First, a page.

He looks around, his head is turning and people are talking and he reaches out his hands and stretches his arms as far as he can-reaching-reaching-trying so hard to touch something, anything, as long as it is new. Someone stops the cart, bends down, makes eye-contact with him. It's a new face, a new voice, a new smell. He is frozen and he has to soak it all in. He looks to me for a smile. He sees a familiar face. He realizes it's okay. Then we continue on our way and it is all different again.
No wonder the little guy needs three naps a day to keep from screaming his head off. He must feel so stimulated. If I hand him something he's never held before it is like his whole world stops. I watch as he examines it, rubs it on his face, against his gums, bites it. He squeezes it, bites it again, throws it. It bounces. It rolls. He screams. Startles himself. Wants it back. Reaches. Cries. Screams. Waits. I retrieve it. And now it's an old friend, a familiar sensation against his swollen gums. He ignores it, turns to a new toy. Minutes later, he finds it and familiarizes himself with it all over again. An ongoing, incredible process. This happens with a million new items a day. (oye...the germs...)
All day for him, things change. This is the human way, helping to educate our babies about the details of a world that never stays the same. Every day, he and I visit the same toys and books, always moving and exploring but still taking breaks to look at each other's faces - a reminder that we are still us and we are still exploring this all together. I don't walk away, not ever, because he doesn't know things can be unsafe. He just knows things are new and he needs-desperately-to touch them.
I hold this experience for him very close to my heart. It feels like a tremendous responsibility to be the tour guide for an entire world. I don't want to show him the wrong things too soon. I don't want to startle him or bore him or force excitement when he just doesn't feel it.
Watching little brother learn just how wide of an unknown expanse is on the other side of our little wooden front door makes me feel ashamed for ever feeling bored. I feel dwarfed at all there is to see and experience and I wonder how I ever let myself have days that are stagnant, let alone weeks or (oh dear) months. I realize that I need to try, in my own way, to be more like little brother. The world has so much to offer.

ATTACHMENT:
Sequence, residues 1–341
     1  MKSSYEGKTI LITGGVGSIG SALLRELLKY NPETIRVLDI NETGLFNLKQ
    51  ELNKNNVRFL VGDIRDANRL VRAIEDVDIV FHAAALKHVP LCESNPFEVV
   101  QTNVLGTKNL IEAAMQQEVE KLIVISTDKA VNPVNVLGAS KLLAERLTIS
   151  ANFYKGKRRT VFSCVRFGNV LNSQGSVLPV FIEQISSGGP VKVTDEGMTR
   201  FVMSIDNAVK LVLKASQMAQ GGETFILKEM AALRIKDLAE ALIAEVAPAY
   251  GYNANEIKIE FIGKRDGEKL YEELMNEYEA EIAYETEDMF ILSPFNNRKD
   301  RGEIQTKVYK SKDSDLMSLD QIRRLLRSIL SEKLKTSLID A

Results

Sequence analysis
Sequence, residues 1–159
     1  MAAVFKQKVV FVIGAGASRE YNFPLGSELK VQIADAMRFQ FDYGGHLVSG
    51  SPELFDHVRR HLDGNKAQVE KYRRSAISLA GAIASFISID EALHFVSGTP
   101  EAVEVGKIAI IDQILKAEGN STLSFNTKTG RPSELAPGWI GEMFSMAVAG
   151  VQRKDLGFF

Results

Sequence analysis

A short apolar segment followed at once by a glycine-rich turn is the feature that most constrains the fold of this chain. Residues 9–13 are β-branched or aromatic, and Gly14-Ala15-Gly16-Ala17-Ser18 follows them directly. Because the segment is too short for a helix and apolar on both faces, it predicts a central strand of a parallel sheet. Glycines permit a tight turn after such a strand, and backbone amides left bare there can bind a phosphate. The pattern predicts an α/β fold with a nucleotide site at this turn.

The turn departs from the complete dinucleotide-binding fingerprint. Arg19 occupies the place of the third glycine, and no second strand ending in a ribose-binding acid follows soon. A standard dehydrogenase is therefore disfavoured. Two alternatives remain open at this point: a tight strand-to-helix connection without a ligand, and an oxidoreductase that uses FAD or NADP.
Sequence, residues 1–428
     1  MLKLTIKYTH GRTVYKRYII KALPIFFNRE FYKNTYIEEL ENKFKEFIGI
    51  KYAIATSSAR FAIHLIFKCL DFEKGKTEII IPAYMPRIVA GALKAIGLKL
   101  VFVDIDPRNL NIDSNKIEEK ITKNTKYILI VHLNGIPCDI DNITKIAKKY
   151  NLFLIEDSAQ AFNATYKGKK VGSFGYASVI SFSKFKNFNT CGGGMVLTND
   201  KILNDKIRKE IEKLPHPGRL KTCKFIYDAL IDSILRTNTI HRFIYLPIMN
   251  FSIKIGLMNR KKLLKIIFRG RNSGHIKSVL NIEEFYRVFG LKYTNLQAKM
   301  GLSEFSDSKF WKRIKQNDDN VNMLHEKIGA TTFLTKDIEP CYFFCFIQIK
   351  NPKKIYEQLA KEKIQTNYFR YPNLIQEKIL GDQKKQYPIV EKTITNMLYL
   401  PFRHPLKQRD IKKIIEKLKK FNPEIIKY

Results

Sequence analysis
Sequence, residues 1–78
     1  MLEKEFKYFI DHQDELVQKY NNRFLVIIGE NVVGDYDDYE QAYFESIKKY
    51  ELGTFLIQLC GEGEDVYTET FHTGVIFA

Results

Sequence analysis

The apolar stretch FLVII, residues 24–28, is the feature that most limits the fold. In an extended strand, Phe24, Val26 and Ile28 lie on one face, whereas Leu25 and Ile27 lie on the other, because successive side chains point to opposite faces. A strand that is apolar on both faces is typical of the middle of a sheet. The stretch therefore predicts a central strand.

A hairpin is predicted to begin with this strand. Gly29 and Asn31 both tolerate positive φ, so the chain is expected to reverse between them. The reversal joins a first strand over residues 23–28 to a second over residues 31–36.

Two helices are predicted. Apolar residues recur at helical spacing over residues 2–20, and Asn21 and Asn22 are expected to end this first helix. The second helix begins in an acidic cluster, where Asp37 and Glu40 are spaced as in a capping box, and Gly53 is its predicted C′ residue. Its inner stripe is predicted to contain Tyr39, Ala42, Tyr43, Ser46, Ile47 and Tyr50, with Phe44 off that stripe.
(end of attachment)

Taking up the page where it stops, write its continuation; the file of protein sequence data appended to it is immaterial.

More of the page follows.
We let ourselves feel restricted by material things, or the lack of them. We think that if finances are tight, we cannot go, and so there must not be anything new to see. We think that if our car isn't the newest, fastest, most rugged, that surely it will not get us anywhere we haven't seen a million times. We think that-because our bank account is suffering - so must our desire to experience. We forget to look under our feet, because we've walked the same route so many times. We forget to look out our window because all of our possessions are strategically placed around them. When the television is placed between two windows, why look outside? I say 'we', but really, I mean me.
I am not a perfect mother, but I am the perfect mother for my boys. I find peace in knowing the Lord gave them to me, and me to them. We were chosen just for one another, a perfect fit, and that means something very profound to me. I watch little brother learn more every day, and some days it makes me sad that he is growing so fast. Mostly, though, it fills me with pride knowing I am the one who will be the one to teach him so many things he will carry through his whole life. I just hope I can remind him to do some of the things I forget to do. To find meaning in the ordinary and learn lessons from the extraordinary. To never, ever feel bored or uninspired. To change things up if he has to- (Example: I'm typing this blog at the library! It.is.so.quiet.here.I.could.cry!) just never think you've seen it all.